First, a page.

The Search for E.T. Should Begin at Home

Paul Davies is a theoretical physicist, cosmologist, astrobiologist, and bestselling author. He is Director of the Beyond Center for Fundamental Concepts in Science and co-Director of the Cosmology Initiative, both at Arizona State University. Previously he held academic appointments at the Universities of Cambridge, London and Newcastle upon Tyne in the UK, before moving to Australia in 1990, initially as Professor of Mathematical Physics at The University of Adelaide. Later he helped found the Australian Centre for Astrobiology in Sydney.

Davies’s research focuses on the “big questions” of existence, ranging from the origin of the universe to the origin of life, and include the nature of time, the search for life in the universe, and foundational questions in quantum mechanics. He helped create the theory of quantum fields in curved spacetime, with which he provided explanations for how black holes can radiate energy, and what caused the ripples in the cosmic afterglow of the Big Bang. In astrobiology, he was a forerunner of the theory that life on Earth may have come from Mars. He is currently championing the theory that Earth may host a shadow biosphere of alternative life forms.

Davies has lectured on scientific topics at institutions as diverse as The World Economic Forum, the United Nations, the Commission of the European Union, Google, Windsor Castle, The Vatican and Westminster Abbey, as well as mainstream academic establishments such as The Royal Society, The Smithsonian Institution, and the New York Academy of Sciences. Davies devised and presented a series of 45 minute BBC Radio 3 science documentaries and a one-hour television documentary about his work in astrobiology, entitled "The Cradle of Life." Among his bestselling books are "The Mind of God," "How to Build a Time Machine," and "The Goldilocks Enigma." His latest book, "The Eerie Silence," was published by Houghton Mifflin Harcourt in 2010.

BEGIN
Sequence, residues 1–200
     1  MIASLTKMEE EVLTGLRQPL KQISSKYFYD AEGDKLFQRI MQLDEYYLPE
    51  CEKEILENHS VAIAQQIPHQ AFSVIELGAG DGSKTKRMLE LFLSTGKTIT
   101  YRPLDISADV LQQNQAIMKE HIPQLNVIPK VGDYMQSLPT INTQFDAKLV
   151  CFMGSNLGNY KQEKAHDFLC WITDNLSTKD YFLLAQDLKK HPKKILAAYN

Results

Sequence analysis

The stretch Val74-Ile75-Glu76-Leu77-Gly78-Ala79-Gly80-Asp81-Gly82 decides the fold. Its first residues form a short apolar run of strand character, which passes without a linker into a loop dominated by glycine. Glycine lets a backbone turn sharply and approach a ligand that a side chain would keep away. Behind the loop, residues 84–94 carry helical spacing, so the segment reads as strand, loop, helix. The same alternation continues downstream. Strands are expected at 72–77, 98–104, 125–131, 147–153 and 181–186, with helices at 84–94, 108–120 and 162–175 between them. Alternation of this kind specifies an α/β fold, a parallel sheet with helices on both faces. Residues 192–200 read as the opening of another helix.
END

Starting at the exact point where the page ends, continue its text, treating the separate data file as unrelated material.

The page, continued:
• Transcript


Question: What new kinds of evidence of alien life might we search for?

Paul Davies:  It seems to me that the most obvious thing that we can do to test this idea that life does form readily on Earth-like conditions, an idea incidentally that Christian de Duve, who is a famous biologist, has called the cosmic imperative, this sort of wonderful phrase, so how do we test the cosmic imperative?  What we want is to find a second sample of life.  What Chris McKay at NASA Ames calls "life 2.0."  We’ve got life 1.0.  Here it is.  What we want is another sample of life, which is not on our tree of life at all.  All life that we’ve studied so far on Earth belongs to the same tree.  We share genes, for example, with mushrooms and oak trees and fish and bacteria that live in volcanic vents and so on that it’s all the same life descended from a common origin.  What we want is a second tree of life.  We want alien life, alien not necessarily in the sense of having come from space, like it might have done, but alien in the sense of belonging to a different tree altogether.  That is what we’re looking for, "life 2.0." And one place we can look is right here on our home planet.  No planet is more Earth like than Earth itself, so if life really does pop out readily in Earth like conditions surely it should have arisen many times over right here on Earth.  How do we know it didn’t?  Has anybody looked?  Remarkably enough until a few years ago nobody thought to look for a second sample of life on Earth.  Everybody just naturally assumed that all life on Earth is the same life.  Well as I’ve said all life so far studied is the same life, but we haven’t studied all the life there is. 

Most life on Earth is microbes.  We notice the big things.  We notice the trees and the elephants and so on because they’re big, but the vast majority of species on Earth are microbes and we’ve only just scratched the surface of the microbial realm.  Probably less than .1% of microbes have been classified let alone cultured or had their genes sequenced, so really that microbial realm is a mystery.  We don’t know what those little bugs are and it’s entirely possible that intermingled among the microbes that are related to you and me are some microbes which are not on our tree of life at all.  They would be genuinely alien life.  Life 2.0 could be right under our noses or even up our noses, so I think the most important way we can advance this quest for ET is to look right on our home planet to see if we can find a second sample of life and I’m working with people to do just that.